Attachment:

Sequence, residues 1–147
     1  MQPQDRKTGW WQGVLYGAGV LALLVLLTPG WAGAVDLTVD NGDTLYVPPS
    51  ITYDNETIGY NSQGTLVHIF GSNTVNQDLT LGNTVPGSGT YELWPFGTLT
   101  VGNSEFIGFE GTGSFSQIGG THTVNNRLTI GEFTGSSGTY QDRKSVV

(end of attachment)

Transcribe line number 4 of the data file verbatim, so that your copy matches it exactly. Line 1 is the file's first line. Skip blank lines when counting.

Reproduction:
   101  VGNSEFIGFE GTGSFSQIGG THTVNNRLTI GEFTGSSGTY QDRKSVV